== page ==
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MMD > Archives > April 1998 > 1998.04.15 > 05Prev  Next

Copyrights On The Internet
By Karl Ellison

When it comes to personal, non-profit hobby use, I don't think that
I've violated the spirit of the copyright on my web site.

Yes, the majority of the songs I have recorded and placed on my web site
in RealAudio format are copyrighted beyond 1923 (or whenever the cutoff
date is), but where I knew a living person still held a copyright, I
have asked and received permission before posting.

As a hobbyist showing my collection to a specific group, I'm not about
to commence an all-out search for the living relatives of Harms (1924,
NYC) to get their permission, but if someone who has claim to a
copyright sends me a letter, or if someone can tell me that after my
stating the above that I'm indeed violating the law, I will remove the
songs since I don't wish to break the law or take money out of their
pocket (what money?).

My belief is simple: I'm a hobbyist that is showing off what antique
rolls I have, and my instrument.  I don't profit from this, in fact, it
cost me time and ISP fees.  The music isn't of any commercial fidelity
and would not be marketable for resale.  Commercially, my postings are
worthless.  I realize this may be irrelevant to copyrights, but until I
hear otherwise 7

On a slightly similar topic, I remember reading a story in the "Wall
Street Journal" a few years back where a Girl Scout Camp was contacted
by the association that collects royalty fees from restaurants and
other establishments that play music off of the radio and records as
background music.

It seems that Cum-By-Yah, Michael Row The Boat Ashore, and others are
copyrighted music where the holder of the copyright(?) is entitled to
royalties when the song is used in a performance.  A "performance"
apparently included a group of little girls in the wilderness singing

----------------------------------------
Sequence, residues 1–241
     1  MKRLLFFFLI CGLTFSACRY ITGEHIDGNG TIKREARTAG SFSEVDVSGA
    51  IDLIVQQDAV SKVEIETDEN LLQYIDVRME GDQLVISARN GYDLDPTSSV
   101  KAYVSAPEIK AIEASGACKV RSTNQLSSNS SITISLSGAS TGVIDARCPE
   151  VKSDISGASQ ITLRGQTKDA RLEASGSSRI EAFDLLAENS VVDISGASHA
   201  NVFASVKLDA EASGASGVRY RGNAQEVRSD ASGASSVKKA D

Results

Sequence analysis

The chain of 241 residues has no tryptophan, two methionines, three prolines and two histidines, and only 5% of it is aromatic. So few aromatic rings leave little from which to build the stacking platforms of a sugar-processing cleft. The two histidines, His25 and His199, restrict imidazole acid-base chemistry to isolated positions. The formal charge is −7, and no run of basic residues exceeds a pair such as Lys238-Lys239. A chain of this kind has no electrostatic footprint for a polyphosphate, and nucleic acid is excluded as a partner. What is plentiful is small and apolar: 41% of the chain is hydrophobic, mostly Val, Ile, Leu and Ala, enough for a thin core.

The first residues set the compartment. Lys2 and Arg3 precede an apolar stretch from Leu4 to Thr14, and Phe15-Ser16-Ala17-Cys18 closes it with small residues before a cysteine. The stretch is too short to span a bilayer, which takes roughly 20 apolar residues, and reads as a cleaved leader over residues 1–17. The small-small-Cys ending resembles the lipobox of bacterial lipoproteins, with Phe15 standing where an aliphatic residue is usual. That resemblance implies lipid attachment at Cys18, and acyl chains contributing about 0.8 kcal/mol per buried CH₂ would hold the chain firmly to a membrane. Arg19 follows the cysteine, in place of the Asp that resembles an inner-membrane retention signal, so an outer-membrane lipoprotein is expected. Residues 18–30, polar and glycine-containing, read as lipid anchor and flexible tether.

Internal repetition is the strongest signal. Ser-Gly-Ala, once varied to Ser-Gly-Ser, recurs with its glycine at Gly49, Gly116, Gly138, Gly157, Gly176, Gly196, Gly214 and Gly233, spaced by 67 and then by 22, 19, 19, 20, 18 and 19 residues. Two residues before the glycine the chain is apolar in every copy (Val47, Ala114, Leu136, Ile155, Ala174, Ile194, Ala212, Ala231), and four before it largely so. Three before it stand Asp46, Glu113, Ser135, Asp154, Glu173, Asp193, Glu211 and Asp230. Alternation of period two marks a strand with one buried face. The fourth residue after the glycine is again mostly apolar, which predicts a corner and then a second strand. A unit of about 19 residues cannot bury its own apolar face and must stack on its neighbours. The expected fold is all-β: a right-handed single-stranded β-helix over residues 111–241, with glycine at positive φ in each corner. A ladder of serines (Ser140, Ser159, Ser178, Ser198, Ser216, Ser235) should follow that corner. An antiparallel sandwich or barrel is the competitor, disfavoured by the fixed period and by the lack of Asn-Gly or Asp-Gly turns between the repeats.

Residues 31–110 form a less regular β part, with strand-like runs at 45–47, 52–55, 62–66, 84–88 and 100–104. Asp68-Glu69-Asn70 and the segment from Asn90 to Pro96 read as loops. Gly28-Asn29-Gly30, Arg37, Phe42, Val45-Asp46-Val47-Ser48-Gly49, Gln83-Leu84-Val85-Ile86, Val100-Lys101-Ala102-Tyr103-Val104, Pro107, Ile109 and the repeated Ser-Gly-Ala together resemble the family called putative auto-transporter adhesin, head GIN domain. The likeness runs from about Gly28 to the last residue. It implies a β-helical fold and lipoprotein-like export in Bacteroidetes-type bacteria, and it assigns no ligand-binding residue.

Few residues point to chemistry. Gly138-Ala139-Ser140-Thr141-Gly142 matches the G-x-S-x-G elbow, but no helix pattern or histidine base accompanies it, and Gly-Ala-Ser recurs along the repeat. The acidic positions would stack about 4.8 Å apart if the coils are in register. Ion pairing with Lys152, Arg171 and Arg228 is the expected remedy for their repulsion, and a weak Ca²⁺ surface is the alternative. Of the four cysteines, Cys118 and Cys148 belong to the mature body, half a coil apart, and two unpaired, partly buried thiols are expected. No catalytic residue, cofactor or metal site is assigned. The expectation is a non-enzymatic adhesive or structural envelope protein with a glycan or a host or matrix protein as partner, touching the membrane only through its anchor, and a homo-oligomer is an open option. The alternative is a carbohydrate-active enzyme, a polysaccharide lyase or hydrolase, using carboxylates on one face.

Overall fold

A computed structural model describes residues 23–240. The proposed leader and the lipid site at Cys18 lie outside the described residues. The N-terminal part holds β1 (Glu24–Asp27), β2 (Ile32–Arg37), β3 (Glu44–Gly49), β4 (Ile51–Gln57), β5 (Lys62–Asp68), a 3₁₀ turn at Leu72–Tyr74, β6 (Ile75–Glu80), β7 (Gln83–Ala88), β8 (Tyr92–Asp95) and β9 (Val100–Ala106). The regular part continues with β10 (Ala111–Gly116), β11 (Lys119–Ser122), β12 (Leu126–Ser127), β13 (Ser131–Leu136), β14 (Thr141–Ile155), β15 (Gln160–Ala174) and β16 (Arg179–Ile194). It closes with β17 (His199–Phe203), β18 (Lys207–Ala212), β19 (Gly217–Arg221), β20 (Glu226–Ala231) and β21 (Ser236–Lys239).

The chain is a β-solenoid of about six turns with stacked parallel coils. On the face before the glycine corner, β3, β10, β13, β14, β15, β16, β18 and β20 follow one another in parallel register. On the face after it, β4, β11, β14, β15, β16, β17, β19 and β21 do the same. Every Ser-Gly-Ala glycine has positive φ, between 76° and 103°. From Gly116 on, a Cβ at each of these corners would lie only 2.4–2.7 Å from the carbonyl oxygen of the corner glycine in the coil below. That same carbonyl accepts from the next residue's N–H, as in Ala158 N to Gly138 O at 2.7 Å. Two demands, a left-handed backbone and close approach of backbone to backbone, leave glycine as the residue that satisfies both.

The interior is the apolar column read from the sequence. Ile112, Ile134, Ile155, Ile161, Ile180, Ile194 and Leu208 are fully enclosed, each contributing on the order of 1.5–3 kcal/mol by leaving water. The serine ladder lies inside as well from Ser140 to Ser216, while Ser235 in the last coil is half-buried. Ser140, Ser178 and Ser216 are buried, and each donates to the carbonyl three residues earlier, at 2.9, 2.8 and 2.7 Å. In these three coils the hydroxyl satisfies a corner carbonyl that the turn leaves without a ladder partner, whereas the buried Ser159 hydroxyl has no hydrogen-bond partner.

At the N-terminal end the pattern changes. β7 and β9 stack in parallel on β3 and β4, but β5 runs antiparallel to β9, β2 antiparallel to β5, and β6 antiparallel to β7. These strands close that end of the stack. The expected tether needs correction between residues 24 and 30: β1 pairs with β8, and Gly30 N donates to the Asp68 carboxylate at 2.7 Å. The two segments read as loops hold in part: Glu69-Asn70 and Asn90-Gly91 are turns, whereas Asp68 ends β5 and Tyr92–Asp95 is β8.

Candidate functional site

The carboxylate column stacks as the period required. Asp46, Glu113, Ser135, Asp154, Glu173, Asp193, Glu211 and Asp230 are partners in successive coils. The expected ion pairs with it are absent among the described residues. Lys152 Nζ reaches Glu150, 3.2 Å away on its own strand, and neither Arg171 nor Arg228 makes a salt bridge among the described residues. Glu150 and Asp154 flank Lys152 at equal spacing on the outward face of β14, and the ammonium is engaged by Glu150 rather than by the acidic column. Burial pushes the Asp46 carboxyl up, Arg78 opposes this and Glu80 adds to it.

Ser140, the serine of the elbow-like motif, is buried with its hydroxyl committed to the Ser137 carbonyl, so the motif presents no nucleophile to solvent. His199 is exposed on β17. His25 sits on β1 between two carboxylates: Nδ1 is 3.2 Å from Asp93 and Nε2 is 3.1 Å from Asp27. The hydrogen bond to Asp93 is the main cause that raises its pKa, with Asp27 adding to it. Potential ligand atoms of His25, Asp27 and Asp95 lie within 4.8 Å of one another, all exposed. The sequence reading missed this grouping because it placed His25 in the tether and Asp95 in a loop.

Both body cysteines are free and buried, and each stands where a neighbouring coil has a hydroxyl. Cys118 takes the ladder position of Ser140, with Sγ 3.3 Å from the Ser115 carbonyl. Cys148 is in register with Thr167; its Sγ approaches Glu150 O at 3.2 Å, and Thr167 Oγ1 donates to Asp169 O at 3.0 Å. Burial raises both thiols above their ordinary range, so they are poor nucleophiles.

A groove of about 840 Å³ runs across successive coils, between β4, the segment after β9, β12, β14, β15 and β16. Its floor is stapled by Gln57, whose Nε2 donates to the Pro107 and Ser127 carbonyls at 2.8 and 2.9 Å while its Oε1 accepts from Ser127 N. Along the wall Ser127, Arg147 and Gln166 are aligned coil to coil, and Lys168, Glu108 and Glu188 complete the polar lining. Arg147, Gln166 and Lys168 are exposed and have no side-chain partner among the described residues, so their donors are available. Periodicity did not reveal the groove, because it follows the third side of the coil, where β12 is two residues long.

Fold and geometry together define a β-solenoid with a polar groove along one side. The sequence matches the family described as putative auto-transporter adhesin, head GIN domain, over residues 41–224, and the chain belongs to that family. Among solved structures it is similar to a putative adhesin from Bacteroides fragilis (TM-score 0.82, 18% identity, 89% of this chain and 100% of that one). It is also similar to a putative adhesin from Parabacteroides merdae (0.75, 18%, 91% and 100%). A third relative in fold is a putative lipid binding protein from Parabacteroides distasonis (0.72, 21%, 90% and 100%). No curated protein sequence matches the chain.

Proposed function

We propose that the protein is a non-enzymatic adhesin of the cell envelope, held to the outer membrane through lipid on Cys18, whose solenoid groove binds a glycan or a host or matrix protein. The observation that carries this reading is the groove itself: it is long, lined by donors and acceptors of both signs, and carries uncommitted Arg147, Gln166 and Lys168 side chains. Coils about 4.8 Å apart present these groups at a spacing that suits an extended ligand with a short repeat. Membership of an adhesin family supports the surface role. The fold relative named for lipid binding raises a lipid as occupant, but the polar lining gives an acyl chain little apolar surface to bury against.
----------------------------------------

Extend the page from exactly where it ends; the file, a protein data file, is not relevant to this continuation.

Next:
it around the campfire.

The camp was faced with paying thousands in royalties, or cease singing
the songs.  They chose the latter.  The fireside favorites we all sang
as kids are now Verboten.  I'm afraid to whistle a happy tune while
walking down the sidewalk now, it may be construed as a public
performance.   ;)

 [ Especially if you are fine whistler!  ;)  -- Robbie

Karl Ellison
Ashland, Massachusetts

 [ I believe that the "bad guy" in the Girl Scout case is ASCAP.
 [ After all the bad press they got after the Girl Scouts announced
 [ they couldn't (and wouldn't) use all the old favorites,
 [ ASCAP settled with the Girl Scouts for $1.00/year royalties.
 [ Note!  ASCAP has successfully defended its position by collecting a
 [ royalty.  To be sure, not everyone gets off for unlimited perform-
 [ ances -- even amateur performances -- for $1.00/year.   -- Jody

 [ The key issue is probably: "Does a RealAudio or WAV file on the
 [ Internet constitute a public performance (or free give-away) of
 [ of a copyrighted work?"  If so, it doesn't matter that the performer
 [ receives no money -- the royalty payment is due nonetheless, as
 [ the Girl Scouts discovered.   -- Robbie

(Message sent Wed 15 Apr 1998, 09:18:31 GMT, from time zone GMT-0400.)

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